On Tuesday, June 8th 2010, the government of Trinidad & Tobago stopped Jamaican artiste “Ding Dong” from entering the country to perform. He was deemed a ‘threat to society’. In March 2010, the highly anticipated performances in Barbados of Jamaican artistes “Vybz Kartel” and his ‘rival’, “Movado” were cancelled just before their show because the Barbadian government placed a ban on their performance. These actions follow other bans on performances by such Jamaican dancehall artistes as “Bounty Killa” and “Blaak Ryno” throughout the Caribbean Community in the past year – Grenada, Saint Lucia, and Guyana. On July 7th, 2010, the Trinidad and Tobago Trade and Industry Minister explained that its ban is a result of the lyrics and the behavior of the Jamaican artistes which the government believes has an influence on gangs.
Dancehall artistes such as the controversial “Buju Banton” and “TOK” have also been denied entrance to perform outside the region, in Europe and the USA; however in these destinations there is no treaty that envisions the concept of free movement of these individuals.
In the Caribbean, on the other hand, the Revised Treaty of Chaguaramas which established the Caribbean Single Market and Economy (CSME) creates a broad right to the freedom of movement by artistes to perform throughout the CSME member states. These bans on Jamaican dancehall artistes run afoul of this provision. The question is whether the bans can be upheld by relying on the language in the treaty which allows governments to take action to protect ‘public morals’ and ‘public order’ as exceptions to the broader right free movement by skilled Community nationals. In the absence of guidelines, which do not exist, as to how and when this exception can be applied, use of this exception can be a slippery slope. Could it be used, for example, to ban an artist who specializes in nude photography under the grounds that it is pornographic and therefore detrimental to ‘public morals’? What is to stop Jamaica from retaliating by banning performers of such Trinidadian soca music as “Wukking Up” or “Wine Up On Me” – any doubts about the meaning of these lyrics are immediately cleared up by the sexually-suggestive accompanying dance moves.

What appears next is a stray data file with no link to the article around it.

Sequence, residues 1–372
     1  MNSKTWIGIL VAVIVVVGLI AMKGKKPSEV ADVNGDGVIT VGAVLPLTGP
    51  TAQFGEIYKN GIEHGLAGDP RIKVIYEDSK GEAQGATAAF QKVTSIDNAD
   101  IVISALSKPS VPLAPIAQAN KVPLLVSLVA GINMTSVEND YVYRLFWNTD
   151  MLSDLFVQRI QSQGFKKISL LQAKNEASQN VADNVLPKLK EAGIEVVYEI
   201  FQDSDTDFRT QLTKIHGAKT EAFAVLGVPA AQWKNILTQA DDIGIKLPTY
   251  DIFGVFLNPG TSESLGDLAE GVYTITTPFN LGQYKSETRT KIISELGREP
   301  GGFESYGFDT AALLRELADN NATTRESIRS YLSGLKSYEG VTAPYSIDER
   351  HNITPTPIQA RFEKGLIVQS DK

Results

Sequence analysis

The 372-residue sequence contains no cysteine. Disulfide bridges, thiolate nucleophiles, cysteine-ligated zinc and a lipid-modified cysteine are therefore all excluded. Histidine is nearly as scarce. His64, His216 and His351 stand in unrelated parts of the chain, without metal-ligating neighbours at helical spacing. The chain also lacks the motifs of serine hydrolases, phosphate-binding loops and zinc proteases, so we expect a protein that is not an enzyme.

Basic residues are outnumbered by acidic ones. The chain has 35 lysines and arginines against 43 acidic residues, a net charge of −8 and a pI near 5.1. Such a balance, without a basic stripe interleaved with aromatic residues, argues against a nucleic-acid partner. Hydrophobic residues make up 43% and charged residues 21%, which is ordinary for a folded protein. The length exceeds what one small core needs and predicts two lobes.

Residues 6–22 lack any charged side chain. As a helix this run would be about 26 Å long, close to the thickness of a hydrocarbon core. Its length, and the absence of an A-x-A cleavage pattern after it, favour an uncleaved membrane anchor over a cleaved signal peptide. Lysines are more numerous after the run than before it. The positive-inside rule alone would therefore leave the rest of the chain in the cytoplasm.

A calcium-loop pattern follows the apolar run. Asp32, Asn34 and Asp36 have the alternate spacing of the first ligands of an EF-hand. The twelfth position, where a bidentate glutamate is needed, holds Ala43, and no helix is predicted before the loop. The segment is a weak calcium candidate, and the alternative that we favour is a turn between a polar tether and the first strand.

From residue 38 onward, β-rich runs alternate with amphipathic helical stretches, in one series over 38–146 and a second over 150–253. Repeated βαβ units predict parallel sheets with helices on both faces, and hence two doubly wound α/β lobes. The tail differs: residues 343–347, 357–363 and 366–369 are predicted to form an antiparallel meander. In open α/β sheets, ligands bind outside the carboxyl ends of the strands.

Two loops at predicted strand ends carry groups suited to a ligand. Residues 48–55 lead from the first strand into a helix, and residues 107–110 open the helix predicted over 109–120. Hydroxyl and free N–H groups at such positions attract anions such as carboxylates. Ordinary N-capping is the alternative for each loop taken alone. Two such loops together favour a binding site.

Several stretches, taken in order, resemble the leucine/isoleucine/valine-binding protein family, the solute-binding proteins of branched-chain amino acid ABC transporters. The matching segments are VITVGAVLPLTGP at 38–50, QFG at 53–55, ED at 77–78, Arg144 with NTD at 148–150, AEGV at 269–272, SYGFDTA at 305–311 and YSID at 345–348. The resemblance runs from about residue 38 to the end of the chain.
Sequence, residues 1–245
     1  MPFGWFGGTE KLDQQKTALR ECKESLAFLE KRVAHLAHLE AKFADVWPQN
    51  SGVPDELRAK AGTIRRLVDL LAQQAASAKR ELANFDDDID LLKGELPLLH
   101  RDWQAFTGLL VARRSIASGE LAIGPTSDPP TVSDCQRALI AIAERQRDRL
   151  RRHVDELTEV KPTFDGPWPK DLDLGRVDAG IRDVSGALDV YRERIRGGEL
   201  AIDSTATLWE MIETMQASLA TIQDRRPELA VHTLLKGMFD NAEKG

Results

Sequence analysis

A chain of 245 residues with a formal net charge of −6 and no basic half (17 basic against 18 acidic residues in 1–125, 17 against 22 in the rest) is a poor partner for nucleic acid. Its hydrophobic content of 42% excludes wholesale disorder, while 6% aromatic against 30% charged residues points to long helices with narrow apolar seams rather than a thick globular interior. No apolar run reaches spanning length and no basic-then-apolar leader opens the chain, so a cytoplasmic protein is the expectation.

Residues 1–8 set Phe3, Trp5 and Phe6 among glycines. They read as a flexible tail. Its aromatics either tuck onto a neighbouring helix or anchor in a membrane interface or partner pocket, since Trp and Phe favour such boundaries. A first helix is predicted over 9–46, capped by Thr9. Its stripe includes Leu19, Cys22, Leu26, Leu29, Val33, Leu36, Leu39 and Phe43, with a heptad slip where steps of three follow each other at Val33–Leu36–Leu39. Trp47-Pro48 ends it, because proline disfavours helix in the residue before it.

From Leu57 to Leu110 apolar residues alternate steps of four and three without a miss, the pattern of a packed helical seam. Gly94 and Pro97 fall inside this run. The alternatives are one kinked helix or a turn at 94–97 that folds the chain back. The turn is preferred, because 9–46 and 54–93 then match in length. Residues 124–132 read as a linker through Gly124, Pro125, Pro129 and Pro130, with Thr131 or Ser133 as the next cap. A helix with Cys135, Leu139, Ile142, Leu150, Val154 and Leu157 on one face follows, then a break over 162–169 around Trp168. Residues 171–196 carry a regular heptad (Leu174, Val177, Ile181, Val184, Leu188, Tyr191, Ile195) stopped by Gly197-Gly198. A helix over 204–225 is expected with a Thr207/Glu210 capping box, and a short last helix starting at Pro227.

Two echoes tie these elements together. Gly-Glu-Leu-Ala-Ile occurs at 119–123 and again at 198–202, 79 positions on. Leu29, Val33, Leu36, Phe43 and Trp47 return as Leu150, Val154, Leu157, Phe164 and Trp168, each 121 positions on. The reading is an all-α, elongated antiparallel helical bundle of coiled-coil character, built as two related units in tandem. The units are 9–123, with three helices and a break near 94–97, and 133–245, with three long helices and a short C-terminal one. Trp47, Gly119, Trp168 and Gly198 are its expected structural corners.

At the same time, the rising crime rate in the entire region raises very real and legitimate concerns about perpetuating and encouraging lyrics that seem to glorify criminal and gang behavior – “Real badman neva afraid, we got bombs and guns and hand grenade” says Vybz Kartel in one such example. The lyrics of some of these songs are also very degrading to women and in some cases even misogynistic, raising questions about whether they promote violence against women. (Even “cleaned up” and loosely translated it would be extremely difficult to reproduce an example here without causing offence.)
So, what is to be done? Arguably, the artistes have a right to continue to write and to perform as they see fit. Meanwhile, the question of whether they have the right to carry violent and sexually-degrading messages beyond the borders of Jamaica is another matter. (In this post, we will leave for public opinion and the government of Jamaica the very real concern of the impact of these lyrics on the Jamaican society.) Fortunately, the Revised Treaty also created a mechanism to address this question — the Caribbean Court of Justice (CCJ). The governments should apply to the CCJ, not to determine a “winner” or “loser”, but for an advisory opinion, which the Court is authorized to issue under Article 212 of the Revised Treaty. How should the public morals and public safety exceptions to CSME treaty obligations be interpreted and applied in this instance? The primary purpose would be to have the Court begin to place some guidelines on the use of this exception. It is in the interests of the entire region that this issue be given some clarity in order to contain it to this specific instance. In this way, the entire region could emerge as a winner in this particular dispute.
Kimberly Villiers also contributed to this post.